In plain sight: Private investigator talks ID theft, ways to prevent becoming a victim


Steve Carman is a Fishers resident and private investigator who works with victims of identity theft. (Photos by Sadie Hunter)

Steve Carman said if a criminal skilled in stealing identities wants your identity, he or she can do so easily.

Often, people take precautions to avoid becoming a victim by hiding their birth certificate and not giving out their Social Security number, but according to Carman, one of the easiest way a criminal can steal an identity is through the vehicle identification number listed in plain sight on a vehicle’s dashboard.

“Really, anybody with any type of fluency in theft will be able to use that to get the car’s title or other information about you,” said Carman, a Fishers resident who owns SIU Resource Group, a private investigation company. “They never really find a birth certificate and think, ‘I’m in business.’ What the effective ones do is they will start to build pieces of information. So, they know they won’t get that birth certificate, but what they do is try and see if they can get the VIN number off your car, and most people never have that covered.”

Carman said 90 to 95 percent of identity thieves are what he calls “convenience thieves,” and only a small group are actually professionals.

“Those folks can get your information and there’s nothing you can do about it,” Carman said. “The good thing is, it’s such a small group.”

Carman previously worked with the Marion County Sheriff’s Office before changing his career to insurance on the private side. SIU Resource Group launched a few years ago.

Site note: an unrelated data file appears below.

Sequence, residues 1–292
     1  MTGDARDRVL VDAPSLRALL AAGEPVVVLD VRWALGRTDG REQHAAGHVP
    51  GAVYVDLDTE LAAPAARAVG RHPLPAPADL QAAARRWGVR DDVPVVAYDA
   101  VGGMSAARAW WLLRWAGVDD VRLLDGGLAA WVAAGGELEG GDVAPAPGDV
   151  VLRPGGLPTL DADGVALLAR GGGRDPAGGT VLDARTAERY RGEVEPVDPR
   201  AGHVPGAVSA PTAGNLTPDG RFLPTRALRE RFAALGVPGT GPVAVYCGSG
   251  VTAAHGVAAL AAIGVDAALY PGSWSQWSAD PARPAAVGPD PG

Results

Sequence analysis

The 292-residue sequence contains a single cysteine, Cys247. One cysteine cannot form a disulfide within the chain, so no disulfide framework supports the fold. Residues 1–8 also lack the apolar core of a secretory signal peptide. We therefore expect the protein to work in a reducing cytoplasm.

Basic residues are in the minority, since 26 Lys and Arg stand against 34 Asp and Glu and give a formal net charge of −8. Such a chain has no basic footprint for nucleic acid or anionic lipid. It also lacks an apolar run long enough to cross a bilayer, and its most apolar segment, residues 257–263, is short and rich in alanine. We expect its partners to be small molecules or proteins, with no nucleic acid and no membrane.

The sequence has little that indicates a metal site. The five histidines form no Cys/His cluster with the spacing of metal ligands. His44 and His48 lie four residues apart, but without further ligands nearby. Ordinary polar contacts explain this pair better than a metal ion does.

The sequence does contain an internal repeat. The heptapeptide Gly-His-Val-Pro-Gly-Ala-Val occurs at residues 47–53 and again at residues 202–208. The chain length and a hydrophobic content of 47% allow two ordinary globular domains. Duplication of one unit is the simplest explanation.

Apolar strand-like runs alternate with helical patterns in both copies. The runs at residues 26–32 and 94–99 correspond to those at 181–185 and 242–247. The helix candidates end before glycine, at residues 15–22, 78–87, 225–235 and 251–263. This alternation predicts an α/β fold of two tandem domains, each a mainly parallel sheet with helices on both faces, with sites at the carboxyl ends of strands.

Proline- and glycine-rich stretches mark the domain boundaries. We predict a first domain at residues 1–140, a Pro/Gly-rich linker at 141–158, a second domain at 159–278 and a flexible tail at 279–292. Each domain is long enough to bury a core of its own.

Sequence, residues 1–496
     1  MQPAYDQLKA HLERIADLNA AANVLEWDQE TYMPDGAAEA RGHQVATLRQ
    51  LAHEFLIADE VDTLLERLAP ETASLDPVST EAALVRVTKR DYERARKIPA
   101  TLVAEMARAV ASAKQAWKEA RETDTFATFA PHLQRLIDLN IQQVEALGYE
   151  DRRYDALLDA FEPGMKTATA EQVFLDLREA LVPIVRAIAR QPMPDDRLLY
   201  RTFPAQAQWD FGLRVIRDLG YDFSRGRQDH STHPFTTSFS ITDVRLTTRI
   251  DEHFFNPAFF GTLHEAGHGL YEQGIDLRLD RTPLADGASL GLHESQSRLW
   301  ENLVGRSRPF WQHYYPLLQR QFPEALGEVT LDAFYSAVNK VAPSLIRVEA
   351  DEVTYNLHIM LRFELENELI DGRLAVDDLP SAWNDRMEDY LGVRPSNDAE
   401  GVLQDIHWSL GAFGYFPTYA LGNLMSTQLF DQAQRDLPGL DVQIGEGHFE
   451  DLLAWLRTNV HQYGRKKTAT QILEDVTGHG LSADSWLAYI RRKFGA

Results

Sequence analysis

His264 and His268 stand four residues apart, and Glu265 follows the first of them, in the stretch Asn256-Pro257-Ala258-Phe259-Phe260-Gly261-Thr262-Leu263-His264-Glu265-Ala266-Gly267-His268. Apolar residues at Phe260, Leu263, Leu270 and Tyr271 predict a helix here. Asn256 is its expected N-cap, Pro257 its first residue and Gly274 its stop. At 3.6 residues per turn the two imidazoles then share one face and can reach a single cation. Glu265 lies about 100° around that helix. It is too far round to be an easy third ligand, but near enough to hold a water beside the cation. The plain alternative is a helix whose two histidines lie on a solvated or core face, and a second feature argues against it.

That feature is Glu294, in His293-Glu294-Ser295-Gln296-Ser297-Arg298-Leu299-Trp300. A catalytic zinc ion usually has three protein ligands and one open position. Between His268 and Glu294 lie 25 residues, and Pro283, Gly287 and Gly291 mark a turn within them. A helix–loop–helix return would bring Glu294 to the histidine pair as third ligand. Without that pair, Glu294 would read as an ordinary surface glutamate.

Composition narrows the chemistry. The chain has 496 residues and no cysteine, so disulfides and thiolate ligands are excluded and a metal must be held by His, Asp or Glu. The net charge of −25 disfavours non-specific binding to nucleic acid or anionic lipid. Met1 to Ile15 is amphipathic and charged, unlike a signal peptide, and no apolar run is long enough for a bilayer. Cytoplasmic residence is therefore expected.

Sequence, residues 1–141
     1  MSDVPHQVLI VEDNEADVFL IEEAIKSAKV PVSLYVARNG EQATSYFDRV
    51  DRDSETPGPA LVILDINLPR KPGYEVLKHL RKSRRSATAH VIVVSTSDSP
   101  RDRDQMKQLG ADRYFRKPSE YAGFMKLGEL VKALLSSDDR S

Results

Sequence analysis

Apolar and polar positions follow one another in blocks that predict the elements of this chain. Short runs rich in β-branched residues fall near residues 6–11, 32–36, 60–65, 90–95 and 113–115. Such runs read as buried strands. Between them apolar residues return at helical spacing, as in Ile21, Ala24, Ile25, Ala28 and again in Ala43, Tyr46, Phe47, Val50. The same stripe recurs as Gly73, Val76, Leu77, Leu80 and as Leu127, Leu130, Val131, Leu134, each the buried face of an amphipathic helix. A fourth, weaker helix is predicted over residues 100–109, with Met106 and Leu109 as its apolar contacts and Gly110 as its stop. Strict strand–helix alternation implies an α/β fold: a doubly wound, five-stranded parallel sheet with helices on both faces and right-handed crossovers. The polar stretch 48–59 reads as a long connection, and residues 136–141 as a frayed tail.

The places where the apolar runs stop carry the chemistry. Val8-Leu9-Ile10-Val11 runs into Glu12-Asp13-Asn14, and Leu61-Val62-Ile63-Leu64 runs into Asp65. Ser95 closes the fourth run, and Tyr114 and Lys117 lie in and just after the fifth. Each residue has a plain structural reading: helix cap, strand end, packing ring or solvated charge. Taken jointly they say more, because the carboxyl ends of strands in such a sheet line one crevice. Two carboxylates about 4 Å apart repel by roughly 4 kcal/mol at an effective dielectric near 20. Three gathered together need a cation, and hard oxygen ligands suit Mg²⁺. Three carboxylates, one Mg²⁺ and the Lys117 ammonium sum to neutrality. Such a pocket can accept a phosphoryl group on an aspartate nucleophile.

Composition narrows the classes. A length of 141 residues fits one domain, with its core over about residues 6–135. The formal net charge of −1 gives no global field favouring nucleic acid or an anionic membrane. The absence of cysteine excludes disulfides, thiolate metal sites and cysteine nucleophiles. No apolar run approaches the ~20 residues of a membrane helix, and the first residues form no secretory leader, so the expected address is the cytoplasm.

Carman is a private investigator with SIU Resource Group. When someone’s identity is stolen, he collects information and presents it police. He tries to make it as easy as possible to prosecute the crime.

Once an identity is stolen, Carman said the recovery process is extremely difficult. It involves filing a police report and can even result in getting sued in small claims court. He said it is much easier to prevent ID theft than it is to recover losses from it.

Carman said the best strategy is to freeze credit with the three main credit agencies, Experian, TransUnion and Equifax. Prior to making a big purchase, such as a car, the buyer will have to call and unfreeze the credit for 24 hours.

“Go on the proactive to get those alarm systems up so you know when someone’s trying to do it,” he said.

The Fishers Police Dept. often receives cases regarding identity theft, but often the victim and perpetrator don’t both live in Fishers.

“The thing that is difficult for us is many times it originates either overseas or out of our jurisdiction, or something that we can’t necessarily prosecute in this county,” FPD Det. Dean Mucha said. “Two cases came into my desk from Illinois where the victims live there, and people here did the crime.” 

Mucha said a way to be sure you aren’t a victim of identity theft is to check your credit often. Each credit agency allows a credit check once a year. He also said to be mindful of which mail gets thrown away and not shredded.

“Check those once each year through different, various times of the year, and the following year change it up,” he said.

Steve Carman’s Top 3 ways to prevent identity theft

FPD Det. Dean Mucha investigates identity theft cases. (Submitted photos)

According to private investigator Steve Carman, there’s a small group of extremely skilled, professional thieves in the world who can obtain someone’s identity and there’s not much anyone can do to prevent it. However, most ID thefts are the result of convenience opportunities for theives. Those types of thefts can be prevented. Carman suggests the following precautions:

  • Cover the VIN number on your car.
  • Collect your mail the same day it arrives, and shred any pieces you plan to discard.
  • Freeze your credit through the three credit agencies: Experian, TransUnion and Equifax.

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